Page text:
Article by Jess Harrison // Wednesday, Mar. 21, 2018
Multimedia artist Stephanie Sarley became a viral sensation with her ‘Fruit Fingering’ series, in which she films herself stroking and prodding pieces of juicy and flesh-like fruit. Over the course of a few weeks in 2015–16, art critic Jerry Saltz called her a genius, her Instagram following grew by nearly 1,000 percent, and she became the inspiration for a meme movement. This series of visceral and sexually provocative videos also, however, became the subject of censorship and copyright disputes after her work was repeatedly removed, stolen and appropriated online. These videos even resulted in Instagram disabling Sarley’s account three times in one month.
Sarley originally joined Instagram back in 2014 to promote her colouring book ‘Dick Dog & Friends’, which is a collection of illustrations of dogs with phallic snouts. Her series with fruit builds on this playful depiction of genitalia and attempts to redefine how people look at food. Her videos also aim to dispel artistic and societal conceptions of the female body as something to either exploit or be disgusted by through an empowerment of vaginas and a privileging of the female gaze. Despite this, she still receives a lot of negative comments, particularly, she notes, from women who are uncomfortable with her “obscene” imagery. Her work is currently on show at the Museum of Fine Arts in Leipzig and is part of the ‘We Are Food Show’ at the Museum Jan Cunen in the Netherlands. Sarley recently shared her thoughts about consent, her legal battle over copyright infringement and using raw femininity to re-appropriate women’s bodies.
Jess Harrison: Your fruit art videos employ a combination of absurdity and humour to empower female genitalia and challenge aversion to female sexuality. When you initially conceived of the idea for these videos did you consider them to be acts of protest or were you just playing with your food?
Stephanie Sarley: At first it was more emotional and visceral, a humorous and impulsive act, meant to be filmed as art, but what it’s become for me I could not have predicted. I had already been working with fruit for a while before I fingered a blood orange. There is a series of peaches between my thighs with skirts and dresses that is very significant to me. When it was censored numerous times by Instagram, it became apparent that my work was challenging perceptions of female sexuality. People were trolling me heavily and were very offended by the imagery of a finger and fruit, especially coming from a woman. Simultaneously, there was mass intrigue in the press. My work is about representing raw femininity in the arts. My art is not gendered, though, it’s just more personal in that way and it’s for whoever wants to experience it. These works are not just touching on humour and sexuality but exploring spaces of discomfort and anxiety. A part of my artistic process is a form of catharsis, but there is truth to that in every artist I believe.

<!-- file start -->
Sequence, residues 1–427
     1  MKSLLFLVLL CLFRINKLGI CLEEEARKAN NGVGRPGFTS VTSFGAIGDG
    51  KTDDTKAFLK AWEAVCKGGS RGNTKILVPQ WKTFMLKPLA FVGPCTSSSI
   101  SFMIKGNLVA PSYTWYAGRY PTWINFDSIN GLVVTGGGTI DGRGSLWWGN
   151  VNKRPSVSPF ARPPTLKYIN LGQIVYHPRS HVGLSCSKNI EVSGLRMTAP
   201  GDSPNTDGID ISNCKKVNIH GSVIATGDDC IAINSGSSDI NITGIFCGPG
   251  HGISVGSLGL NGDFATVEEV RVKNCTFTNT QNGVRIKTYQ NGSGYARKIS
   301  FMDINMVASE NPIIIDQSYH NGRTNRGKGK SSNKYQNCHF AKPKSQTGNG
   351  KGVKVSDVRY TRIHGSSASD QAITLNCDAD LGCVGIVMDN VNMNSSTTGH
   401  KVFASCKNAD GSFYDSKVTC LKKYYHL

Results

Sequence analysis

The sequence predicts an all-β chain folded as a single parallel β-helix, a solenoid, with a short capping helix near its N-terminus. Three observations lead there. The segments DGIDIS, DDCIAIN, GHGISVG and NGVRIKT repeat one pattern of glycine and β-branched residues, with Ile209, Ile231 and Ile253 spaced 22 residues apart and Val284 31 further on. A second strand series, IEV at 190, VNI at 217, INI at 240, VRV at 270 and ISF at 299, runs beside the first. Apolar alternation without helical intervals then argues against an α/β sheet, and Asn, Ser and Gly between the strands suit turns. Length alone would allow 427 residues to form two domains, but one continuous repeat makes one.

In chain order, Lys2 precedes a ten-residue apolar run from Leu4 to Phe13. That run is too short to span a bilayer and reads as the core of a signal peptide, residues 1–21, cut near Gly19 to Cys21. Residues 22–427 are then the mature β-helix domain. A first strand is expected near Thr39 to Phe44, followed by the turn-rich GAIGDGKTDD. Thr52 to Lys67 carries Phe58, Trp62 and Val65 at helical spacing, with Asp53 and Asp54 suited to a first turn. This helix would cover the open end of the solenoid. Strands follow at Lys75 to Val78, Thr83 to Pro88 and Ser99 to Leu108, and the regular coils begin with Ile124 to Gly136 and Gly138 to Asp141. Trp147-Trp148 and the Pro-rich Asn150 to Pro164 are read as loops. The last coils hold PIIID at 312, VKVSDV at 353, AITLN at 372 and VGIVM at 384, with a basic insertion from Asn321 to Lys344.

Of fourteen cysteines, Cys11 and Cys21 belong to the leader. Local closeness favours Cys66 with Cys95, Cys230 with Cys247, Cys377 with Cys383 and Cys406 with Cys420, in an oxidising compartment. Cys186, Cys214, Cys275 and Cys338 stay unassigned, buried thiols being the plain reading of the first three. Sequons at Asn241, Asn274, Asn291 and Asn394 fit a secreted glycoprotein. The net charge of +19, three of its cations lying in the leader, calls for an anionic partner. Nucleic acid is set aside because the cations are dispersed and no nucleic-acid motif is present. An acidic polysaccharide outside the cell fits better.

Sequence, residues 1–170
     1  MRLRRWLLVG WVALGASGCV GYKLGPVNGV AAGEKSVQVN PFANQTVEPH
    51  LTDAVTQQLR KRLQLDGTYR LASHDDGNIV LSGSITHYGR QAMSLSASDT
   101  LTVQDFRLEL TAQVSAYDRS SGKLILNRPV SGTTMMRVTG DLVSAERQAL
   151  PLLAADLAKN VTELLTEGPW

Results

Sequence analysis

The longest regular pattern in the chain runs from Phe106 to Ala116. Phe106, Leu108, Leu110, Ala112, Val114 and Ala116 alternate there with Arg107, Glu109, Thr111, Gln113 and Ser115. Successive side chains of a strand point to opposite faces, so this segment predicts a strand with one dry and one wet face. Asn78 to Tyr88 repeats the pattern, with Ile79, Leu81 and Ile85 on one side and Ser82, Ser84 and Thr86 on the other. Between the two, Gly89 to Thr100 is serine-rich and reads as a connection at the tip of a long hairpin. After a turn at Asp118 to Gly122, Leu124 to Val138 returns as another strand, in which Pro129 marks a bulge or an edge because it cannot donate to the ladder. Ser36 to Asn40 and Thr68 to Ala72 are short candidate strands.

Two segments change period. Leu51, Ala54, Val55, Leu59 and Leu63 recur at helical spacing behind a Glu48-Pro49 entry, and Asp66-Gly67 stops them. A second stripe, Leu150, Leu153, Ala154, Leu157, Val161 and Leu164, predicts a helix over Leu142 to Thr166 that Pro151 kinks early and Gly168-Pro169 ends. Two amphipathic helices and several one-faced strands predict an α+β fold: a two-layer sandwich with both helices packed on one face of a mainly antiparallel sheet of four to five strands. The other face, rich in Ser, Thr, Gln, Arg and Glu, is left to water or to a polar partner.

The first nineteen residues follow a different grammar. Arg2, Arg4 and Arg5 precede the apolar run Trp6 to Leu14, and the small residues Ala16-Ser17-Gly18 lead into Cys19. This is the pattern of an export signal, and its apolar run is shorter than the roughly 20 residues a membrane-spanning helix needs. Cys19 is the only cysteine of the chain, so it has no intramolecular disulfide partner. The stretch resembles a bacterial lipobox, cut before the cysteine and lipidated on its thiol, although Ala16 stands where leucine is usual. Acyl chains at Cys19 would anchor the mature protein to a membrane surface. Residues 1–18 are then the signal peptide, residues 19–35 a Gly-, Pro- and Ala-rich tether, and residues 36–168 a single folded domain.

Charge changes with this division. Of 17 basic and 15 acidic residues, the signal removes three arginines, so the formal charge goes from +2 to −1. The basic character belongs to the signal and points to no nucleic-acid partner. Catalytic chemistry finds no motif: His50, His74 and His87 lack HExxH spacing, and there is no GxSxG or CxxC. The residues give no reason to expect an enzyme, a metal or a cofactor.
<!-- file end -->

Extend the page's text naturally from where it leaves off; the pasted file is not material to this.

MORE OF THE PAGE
JH: Why do you think your work elicits such strong and negative responses from the public, especially so many women and young girls?
SS: It’s hard for people who have not been exposed to a lot of different kinds of art and who are unwilling to be open to new exciting concepts to think critically about my work. They get uncomfortable. It makes them feel something so they get angry or grossed out. A large amount of the comments I get are “WTF” with a crying face emoji or sometimes they say, “I’ll never look at fruit the same.” But then on the other hand, often people are really amused and think the videos are hilarious. My work is very meaningful to my fans and they cite me frequently as inspiration. I have gotten feedback about my art making people feel more connected to food in creative ways. They send me videos that are fun to watch and I get the sweetest fan mail, even from art students that are doing projects on my work. It’s very rewarding and uplifting to know how much I inspire people.
I believe that the reason women and girls give negative responses to me is sometimes because of internalized misogyny and their body image insecurities. A lot of the time though, it’s just closed mindedness, jealousy and unhappiness. These are the classic characteristics of a troll—it can be a man, a woman, it doesn’t matter. I just block people if they are too nasty.